Lowell Beaverson sells insurance agency 2012.01.18

Written by David Green.


lowell beaversonLowell Beaverson has been a Main Street fixture in downtown Fayette for more than 20 years, but his insurance career actually started long before that.

He began selling insurance nearly 48 years ago, in 1964, and although he isn’t ready to end his long career yet, he’s going to be spending less time in the office.

Lowell recently sold his business to the Walters and Peck Agency in Bryan and now, in addition to Lowell, customers will also see Carrie Dunson who brings more than 12 years of experience to the insurance field.

Lowell believes he’s leaving his business in good hands. The Walters and Peck Agency has served northwest Ohio for more than 78 years and is now one of the region’s old independent agencies.

The company was established in 1933 and is licensed in Ohio, Michigan and Indiana, representing several property, casualty, bond and life insurance companies.

“Walters and Peck is proud to be part of the Fayette community and looks forward to serving Fayette and the surrounding communities for many years to come,” said Dean Day, president of the agency.

Lowell left Fayette for 13 years after high school. He served in the Air Force, went to college on the G.I. Bill, and started selling farm chemicals out of Pawpaw, Mich. When he returned to Fayette, he was selling agricultural lime for Martin Marietta.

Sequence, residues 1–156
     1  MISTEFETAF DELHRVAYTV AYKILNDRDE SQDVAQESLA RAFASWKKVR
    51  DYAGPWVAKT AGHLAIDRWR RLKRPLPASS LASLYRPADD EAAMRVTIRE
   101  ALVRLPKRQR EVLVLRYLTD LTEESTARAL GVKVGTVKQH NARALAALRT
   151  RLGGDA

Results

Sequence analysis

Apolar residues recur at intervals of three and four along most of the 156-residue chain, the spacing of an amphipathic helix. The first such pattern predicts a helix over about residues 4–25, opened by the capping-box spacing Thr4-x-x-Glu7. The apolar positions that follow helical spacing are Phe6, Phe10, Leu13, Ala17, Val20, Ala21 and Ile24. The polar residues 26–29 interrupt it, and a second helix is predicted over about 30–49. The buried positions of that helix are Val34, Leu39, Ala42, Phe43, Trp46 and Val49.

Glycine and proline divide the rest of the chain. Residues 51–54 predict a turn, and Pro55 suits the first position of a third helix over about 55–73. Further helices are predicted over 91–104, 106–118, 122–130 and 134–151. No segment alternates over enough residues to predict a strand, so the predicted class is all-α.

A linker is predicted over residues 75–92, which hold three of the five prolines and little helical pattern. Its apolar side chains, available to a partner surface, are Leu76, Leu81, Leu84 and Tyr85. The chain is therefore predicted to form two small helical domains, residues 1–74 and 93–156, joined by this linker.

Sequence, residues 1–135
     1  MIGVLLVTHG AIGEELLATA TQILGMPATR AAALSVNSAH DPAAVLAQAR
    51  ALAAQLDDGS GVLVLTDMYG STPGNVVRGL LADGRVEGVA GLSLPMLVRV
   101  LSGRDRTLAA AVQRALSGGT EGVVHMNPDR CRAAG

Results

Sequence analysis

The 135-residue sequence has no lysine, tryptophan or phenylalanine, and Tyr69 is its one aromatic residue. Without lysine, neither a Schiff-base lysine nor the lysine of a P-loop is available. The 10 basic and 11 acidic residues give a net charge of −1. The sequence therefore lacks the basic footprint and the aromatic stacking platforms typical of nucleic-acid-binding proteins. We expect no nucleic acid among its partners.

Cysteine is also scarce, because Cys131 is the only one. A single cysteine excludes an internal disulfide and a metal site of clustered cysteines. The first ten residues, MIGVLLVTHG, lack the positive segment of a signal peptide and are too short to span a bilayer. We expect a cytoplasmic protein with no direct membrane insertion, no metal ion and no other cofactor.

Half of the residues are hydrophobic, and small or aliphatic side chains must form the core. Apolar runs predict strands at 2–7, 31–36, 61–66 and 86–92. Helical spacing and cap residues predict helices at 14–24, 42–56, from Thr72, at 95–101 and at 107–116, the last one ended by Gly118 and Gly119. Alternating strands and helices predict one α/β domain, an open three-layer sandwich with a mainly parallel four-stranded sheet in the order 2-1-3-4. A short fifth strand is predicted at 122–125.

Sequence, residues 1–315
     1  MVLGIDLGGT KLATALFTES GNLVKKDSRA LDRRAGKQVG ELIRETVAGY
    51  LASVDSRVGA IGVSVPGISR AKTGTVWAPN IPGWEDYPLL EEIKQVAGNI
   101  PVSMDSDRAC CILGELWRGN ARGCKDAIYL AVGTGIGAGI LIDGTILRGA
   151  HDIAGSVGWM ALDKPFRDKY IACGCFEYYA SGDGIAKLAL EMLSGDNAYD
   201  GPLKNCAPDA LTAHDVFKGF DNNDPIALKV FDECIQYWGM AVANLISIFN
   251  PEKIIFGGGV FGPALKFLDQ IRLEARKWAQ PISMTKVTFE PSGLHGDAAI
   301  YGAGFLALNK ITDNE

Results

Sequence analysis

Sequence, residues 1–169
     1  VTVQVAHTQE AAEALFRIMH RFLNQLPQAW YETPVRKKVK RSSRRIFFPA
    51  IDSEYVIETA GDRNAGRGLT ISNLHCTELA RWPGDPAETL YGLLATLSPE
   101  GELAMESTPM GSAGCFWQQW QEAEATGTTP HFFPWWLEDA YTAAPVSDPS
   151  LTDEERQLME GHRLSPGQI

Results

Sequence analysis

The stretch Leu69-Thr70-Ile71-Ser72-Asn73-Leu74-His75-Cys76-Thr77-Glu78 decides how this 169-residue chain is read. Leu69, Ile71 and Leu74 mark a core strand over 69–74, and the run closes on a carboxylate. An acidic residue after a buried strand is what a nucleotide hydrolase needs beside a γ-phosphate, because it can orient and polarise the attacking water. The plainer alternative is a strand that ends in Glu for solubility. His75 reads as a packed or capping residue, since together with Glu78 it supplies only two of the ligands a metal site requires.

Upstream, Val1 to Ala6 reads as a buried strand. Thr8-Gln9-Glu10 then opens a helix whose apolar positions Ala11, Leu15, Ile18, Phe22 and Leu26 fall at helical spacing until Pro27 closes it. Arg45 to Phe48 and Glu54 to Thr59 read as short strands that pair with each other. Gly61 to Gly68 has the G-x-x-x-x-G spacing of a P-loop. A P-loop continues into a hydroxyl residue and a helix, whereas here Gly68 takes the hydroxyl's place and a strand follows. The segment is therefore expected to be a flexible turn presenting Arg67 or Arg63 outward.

After Lowell obtained his insurance license in 1964, he bought Pearl Weller’s agency in Fayette. Pearl was 85 years old and had been in the business for a quarter century.

Lowell was still working in sales at the time, but Pearl told him he could handle the insurance business on weekends and in the evenings.

That’s what Lowell did for a time, until the lime sales slowed and he was laid off. That’s when he decided to expand the insurance business and picked up several customers when Walter Givin’s agency closed.

An Archbold agency had purchased the Givin business, but the Fayette office was closed after a couple of years.

Lowell moved to a downtown office around 1980 and that’s where he’s remained ever since.

“There have been lots of changes in the insurance industry,” Lowell said, and he feels rather old-fashioned.

For example, he prefers a paper ledger to a computerized accounting system.

It’s been an enjoyable career, but he’s looking forward to being able to get out of the office more often.

“It’s nice to get the responsibility off my shoulders,” he said.

Lowell expects to do more traveling in his new-found spare time.

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